Acute Abdominal Pain. Diagnostic Frameworks

Anatomy-Based Approach

I’m discussing an approach to acute abdominal pain diagnostic frameworks for acute abdominal pain, either based on anatomic region or by organ system. The former is more common. Using the region to organize the list of possible diagnoses, the abdomen can be divided into four quadrants, with the humble Lycos at the center. However, it’s probably even better to divide it into nine regions: right upper quadrant, epigastria, left upper quadrant, left flank, left lower quadrant, suprapubic (rarely called hypogastric), right lower quadrant, right flank, and parry umbilical in the center because this nine-region framework is the most common. Let’s take a closer look at it.

Region-Based Diagnostic Approach

When trying to consider what diseases might cause pain located in a certain region, the simplest principle is to consider what structures are within that region. So, pain in the right upper quadrant suggests liver or biliary pathology, while pain in the left upper quadrant could be from the spleen.

Epigastric Region

  • Now I’m going to go through specific ideologies while traveling around the abdomen. Starting in the epigastria region, pain located here can be from gastroesophageal reflux disease, gastritis, peptic ulcer disease, gastroparesis (most commonly a complication of diabetes), pancreatitis, and occasionally referred pain from acute coronary syndrome.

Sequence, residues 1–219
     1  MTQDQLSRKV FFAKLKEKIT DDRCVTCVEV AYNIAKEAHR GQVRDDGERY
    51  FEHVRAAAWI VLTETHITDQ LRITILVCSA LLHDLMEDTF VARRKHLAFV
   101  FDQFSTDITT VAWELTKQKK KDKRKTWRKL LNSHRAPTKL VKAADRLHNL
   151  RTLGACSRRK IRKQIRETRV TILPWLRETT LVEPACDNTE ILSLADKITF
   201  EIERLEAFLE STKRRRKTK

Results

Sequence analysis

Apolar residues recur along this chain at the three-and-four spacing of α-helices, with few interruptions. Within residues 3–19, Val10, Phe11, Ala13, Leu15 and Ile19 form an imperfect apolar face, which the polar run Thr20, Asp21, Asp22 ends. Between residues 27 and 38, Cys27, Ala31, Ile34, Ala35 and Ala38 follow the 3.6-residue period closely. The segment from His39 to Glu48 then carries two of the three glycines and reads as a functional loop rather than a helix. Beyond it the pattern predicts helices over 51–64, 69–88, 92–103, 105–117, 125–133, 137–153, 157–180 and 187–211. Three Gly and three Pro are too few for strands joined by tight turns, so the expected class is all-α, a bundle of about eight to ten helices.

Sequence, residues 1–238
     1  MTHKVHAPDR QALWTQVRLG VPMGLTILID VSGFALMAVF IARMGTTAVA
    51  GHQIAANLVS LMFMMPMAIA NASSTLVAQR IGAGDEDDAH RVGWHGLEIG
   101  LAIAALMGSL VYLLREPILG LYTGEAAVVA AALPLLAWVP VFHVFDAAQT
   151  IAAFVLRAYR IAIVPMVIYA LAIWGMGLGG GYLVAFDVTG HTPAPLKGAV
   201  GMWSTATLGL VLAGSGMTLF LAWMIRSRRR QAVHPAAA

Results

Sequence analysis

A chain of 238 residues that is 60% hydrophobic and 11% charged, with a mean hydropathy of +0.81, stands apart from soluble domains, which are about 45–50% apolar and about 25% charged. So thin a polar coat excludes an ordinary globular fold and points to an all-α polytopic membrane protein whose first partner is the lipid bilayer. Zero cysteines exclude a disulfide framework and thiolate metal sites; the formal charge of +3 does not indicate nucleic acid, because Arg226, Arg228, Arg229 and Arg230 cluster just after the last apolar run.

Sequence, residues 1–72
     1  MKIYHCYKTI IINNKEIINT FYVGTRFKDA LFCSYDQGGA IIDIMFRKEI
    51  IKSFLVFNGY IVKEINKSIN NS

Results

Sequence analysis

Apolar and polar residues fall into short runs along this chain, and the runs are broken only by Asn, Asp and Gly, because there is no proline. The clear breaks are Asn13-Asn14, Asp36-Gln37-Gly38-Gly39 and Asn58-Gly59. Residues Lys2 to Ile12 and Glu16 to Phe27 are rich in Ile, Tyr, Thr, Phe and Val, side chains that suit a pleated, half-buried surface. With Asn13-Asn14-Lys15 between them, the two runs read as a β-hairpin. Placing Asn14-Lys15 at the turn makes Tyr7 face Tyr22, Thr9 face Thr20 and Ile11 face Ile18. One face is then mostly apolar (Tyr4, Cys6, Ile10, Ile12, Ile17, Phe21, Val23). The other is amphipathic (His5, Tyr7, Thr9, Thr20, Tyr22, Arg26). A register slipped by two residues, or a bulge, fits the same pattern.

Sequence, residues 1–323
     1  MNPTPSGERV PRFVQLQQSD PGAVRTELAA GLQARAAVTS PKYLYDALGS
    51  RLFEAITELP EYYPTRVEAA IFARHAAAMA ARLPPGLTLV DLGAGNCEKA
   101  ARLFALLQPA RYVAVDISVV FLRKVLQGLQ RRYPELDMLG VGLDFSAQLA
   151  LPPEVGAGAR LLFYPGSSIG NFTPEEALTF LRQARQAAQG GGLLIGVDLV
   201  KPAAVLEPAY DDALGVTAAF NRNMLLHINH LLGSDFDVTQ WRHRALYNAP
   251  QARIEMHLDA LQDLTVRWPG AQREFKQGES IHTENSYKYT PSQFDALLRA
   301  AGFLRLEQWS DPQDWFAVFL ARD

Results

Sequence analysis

Left Upper Quadrant

  • Pain in the left upper quadrant can be from a splenic infarct, splenic abscess, or splenic rupture, a sub-diaphragmatic abscess, or referred pain from a left lower lobe pneumonia.

Flank Pain

  • Pain in either flank can be from nephritis, which is pyelonephritis (infection of the kidney), or a perinephric abscess (an abscess adjacent to the kidney).

Peri-Umbilical Pain

  • Perry umbilical pain is most commonly from simple viral gastroenteritis but could also be from a small bowel obstruction, mesenteric ischemia (which is like angina of the guts), or a ruptured abdominal aortic aneurysm.

Suprapubic Pain

  • Suprapubic pain can be from cystitis or a simple urinary tract infection.
  • It can also be caused by pelvic inflammatory disease (a severe complication of sexually transmitted infections seen in women).
  • Another potential cause of suprapubic pain is an ectopic pregnancy (which occurs when an embryo is implanted somewhere other than the uterus, resulting in a non-viable pregnancy and posing a life-threatening risk to the mother).

Pain in the Right and Left Lower Quadrants

  • Pain in the right and left lower quadrants shares similar pathologies.
  • Common causes include ovarian and testicular torsion, a ruptured ovarian cyst, a tubo-ovarian abscess, and ectopic pregnancy.